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Review: Photoshop CS3 Extended

In CS3 Adobe has done a good job improving the interface, also ensuring that they are not too harsh on what we already knew. Most of the elements exclusive to Photoshop Extended are well integrated along with the standard Photoshop elements, accessed from tools that are also familiar to us, such as the Layers panel and other menus.

3-D composition and texture editing

Photoshop CS3 Extended can import and manipulate 3-D objects such as the OBJ, 3DS, U3D (Acrobat 3D), KMZ (Google Earth), and COLLADA file formats (XML files commonly used in video games). Although these formats are very useful and frequently used, the omission of the DWG format stands out above all; the most popular when it comes to exchanging CAD models.

Importing a 3-D object into a file is a very simple operation: select the Open command from the File menu to select the 3-D object. The 3-D model automatically opens in its own Photoshop layer. Layers with 3-D objects can co-exist with 2-D layers in the same document. Once imported, the model can be scaled, rotated, repositioned, and rendered in the same way as you would in another 3-D application.

You can also create sections or slices of a model in real time and adjust the position of those sections using a scroll control. Performance on my test computer (an Intel Core 2 Duo MacBook with 2GB of RAM) was fine. I have not seen any lag of any kind in rotating, sectioning, or relocating the model.

Photoshop Extended offers two ways to manipulate the view of the model: the Camera tool and the Object tool. The first offers a different perspective of the static object, while the second allows the object to be moved. The camera tool allows you to move the “camera” that is pointing at the model in a 3-D perspective. You can use this tool to move around the object, walk around the scene, or view a scene from any direction relative to the object.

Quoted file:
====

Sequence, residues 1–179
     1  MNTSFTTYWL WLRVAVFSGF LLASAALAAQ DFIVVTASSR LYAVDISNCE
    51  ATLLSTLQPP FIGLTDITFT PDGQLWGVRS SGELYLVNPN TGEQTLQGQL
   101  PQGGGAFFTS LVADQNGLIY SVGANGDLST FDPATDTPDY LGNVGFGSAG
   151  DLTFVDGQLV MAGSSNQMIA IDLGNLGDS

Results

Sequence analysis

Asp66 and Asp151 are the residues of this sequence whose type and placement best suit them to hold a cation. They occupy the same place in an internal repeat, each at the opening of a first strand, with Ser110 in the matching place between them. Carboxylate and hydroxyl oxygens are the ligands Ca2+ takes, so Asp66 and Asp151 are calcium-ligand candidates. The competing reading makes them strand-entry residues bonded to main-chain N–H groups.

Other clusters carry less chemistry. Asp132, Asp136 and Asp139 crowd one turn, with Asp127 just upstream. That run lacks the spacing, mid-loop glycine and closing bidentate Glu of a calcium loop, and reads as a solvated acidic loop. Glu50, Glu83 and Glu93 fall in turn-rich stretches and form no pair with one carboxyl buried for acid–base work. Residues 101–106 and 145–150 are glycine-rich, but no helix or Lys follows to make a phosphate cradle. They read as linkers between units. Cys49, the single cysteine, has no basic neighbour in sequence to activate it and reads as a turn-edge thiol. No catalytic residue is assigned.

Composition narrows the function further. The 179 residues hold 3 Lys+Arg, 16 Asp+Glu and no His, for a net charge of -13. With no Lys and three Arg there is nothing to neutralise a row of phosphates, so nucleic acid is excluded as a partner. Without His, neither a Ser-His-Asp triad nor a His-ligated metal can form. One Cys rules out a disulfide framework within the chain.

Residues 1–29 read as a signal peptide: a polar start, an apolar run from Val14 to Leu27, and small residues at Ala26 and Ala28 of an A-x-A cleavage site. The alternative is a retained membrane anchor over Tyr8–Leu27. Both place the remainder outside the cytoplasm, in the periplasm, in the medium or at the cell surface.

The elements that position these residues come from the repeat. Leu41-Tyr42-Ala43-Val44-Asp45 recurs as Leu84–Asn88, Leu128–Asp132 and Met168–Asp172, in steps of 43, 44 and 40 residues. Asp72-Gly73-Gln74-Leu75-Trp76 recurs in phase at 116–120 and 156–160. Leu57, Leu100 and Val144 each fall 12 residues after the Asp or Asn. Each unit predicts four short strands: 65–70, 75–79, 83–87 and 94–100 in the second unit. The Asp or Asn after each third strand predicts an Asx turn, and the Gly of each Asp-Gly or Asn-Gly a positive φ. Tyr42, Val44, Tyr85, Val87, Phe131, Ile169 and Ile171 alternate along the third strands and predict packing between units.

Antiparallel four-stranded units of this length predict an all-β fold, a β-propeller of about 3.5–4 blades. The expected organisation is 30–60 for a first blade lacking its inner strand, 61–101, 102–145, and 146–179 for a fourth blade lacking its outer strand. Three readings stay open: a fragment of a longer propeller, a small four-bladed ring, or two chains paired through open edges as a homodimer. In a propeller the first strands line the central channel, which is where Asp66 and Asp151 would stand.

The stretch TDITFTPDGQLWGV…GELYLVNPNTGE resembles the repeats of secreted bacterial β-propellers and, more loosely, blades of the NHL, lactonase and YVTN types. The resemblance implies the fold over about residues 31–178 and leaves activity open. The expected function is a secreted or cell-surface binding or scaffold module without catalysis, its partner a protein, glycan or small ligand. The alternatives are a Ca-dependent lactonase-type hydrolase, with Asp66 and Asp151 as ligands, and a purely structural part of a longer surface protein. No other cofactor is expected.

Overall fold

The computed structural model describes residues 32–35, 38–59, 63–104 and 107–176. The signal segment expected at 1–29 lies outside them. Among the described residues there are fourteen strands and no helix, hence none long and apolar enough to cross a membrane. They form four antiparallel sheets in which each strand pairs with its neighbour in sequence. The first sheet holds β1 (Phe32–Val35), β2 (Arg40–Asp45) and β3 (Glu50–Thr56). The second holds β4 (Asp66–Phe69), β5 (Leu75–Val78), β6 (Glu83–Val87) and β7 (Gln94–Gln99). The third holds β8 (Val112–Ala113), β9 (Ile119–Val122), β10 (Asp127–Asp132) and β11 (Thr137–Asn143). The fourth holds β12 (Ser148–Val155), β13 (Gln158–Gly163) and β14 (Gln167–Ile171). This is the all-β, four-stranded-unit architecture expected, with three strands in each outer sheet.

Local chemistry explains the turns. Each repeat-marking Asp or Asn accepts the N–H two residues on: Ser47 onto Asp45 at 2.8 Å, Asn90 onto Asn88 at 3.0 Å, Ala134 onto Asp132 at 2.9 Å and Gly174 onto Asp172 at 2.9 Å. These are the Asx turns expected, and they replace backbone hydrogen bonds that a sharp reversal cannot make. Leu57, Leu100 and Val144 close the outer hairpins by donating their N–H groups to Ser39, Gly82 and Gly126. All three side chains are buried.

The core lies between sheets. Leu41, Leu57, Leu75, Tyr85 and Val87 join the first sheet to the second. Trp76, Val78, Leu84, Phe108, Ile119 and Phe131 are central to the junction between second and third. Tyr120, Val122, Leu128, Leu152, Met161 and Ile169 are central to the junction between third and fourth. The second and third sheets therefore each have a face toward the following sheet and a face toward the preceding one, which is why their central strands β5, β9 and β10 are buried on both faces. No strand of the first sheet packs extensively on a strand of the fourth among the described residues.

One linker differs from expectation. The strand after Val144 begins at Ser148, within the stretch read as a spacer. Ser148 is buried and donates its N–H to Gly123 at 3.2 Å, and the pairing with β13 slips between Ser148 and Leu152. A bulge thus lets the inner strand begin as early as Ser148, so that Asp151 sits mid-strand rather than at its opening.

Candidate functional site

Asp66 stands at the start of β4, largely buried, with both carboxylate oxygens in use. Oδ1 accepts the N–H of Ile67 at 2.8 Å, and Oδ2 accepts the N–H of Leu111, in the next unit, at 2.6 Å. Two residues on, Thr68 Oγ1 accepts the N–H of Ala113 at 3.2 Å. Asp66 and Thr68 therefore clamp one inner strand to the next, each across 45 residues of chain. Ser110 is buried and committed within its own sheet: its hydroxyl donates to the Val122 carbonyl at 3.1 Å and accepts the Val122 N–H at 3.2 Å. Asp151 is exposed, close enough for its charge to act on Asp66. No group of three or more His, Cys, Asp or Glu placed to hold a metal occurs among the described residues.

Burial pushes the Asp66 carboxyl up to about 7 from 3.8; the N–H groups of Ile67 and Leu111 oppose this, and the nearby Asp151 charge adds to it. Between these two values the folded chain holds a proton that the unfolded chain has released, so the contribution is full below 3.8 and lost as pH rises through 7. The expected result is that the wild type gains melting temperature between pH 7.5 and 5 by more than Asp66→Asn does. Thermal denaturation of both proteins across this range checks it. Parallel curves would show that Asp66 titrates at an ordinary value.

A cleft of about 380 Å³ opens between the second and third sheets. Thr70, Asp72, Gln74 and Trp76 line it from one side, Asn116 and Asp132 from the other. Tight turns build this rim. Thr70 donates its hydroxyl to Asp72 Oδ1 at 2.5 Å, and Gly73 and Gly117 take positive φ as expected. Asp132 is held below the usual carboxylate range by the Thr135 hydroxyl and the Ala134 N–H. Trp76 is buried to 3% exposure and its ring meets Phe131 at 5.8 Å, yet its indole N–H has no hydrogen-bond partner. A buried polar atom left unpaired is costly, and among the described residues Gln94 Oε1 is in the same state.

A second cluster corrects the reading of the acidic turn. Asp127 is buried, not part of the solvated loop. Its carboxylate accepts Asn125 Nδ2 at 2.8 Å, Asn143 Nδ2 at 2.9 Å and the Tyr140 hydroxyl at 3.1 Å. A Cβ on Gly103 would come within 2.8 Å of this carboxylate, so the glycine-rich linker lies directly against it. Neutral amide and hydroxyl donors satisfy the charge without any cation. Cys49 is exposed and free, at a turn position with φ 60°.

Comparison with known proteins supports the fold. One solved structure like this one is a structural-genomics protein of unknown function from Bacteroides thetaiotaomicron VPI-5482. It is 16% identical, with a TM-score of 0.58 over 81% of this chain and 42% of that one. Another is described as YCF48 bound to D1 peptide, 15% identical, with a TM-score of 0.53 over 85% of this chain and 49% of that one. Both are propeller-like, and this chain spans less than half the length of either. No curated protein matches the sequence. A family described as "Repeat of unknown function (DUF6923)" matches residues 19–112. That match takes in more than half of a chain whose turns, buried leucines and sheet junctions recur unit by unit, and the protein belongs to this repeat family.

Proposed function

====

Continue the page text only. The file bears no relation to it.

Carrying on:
The Object tool allows you to rotate the object itself. You can adjust the depth of field to simulate the use of different camera lenses in case you are trying to blend an object against a 2-D image placed on a background layer. Remember that only the model can be rotated, not the underlying layers or images.

If your 3-D model includes textures, then Photoshop Extended will keep them. You can access the textures through the Layers panel and edit them from Photoshop using any of the program’s 2-D tools. Once edited, Photoshop Extended will automatically update the 3-D models with the new texture maps. When you export 3-D models from Photoshop in a 3-D format, the edited textures will be kept along with the model.

All this 3-D manipulation is contained in the model layer, while you can continue to access other layers, 2-D elements and all the functionality of the standard version of Photoshop CS3, so that the manipulation of 3-D objects it can be part of your regular Photoshop workflow; And although the same type of operations can be carried out using a dedicated 3-D program, the truth is that in that case it would be necessary to spend a greater amount of time to configure the view, export the 2-D image and open it later in Photoshop. Also, in that case it would be quite common to have to repeat the operation with the consequent consumption of time. Photoshop’s new 3-D capabilities are much more flexible, particularly for designers who don’t create their own models. Also, I have yet to see a 3-D application capable of editing texture maps with the same simplicity and power that Photoshop CS3 Extended is capable of.